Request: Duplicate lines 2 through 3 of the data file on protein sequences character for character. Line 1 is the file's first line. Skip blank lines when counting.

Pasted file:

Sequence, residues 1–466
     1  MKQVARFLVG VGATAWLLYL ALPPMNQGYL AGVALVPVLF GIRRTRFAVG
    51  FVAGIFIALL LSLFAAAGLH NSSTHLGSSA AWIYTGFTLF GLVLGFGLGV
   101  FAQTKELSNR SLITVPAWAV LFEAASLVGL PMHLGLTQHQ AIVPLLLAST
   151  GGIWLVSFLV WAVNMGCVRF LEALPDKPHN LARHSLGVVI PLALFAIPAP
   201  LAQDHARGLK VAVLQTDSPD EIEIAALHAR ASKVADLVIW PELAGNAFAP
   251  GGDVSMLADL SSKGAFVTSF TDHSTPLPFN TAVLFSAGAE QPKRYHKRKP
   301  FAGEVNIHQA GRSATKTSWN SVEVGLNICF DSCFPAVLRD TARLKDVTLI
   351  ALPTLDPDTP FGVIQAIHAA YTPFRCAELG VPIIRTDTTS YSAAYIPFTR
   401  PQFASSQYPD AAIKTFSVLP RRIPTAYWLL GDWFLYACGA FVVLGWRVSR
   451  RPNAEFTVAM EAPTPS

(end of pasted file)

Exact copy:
     1  MKQVARFLVG VGATAWLLYL ALPPMNQGYL AGVALVPVLF GIRRTRFAVG
    51  FVAGIFIALL LSLFAAAGLH NSSTHLGSSA AWIYTGFTLF GLVLGFGLGV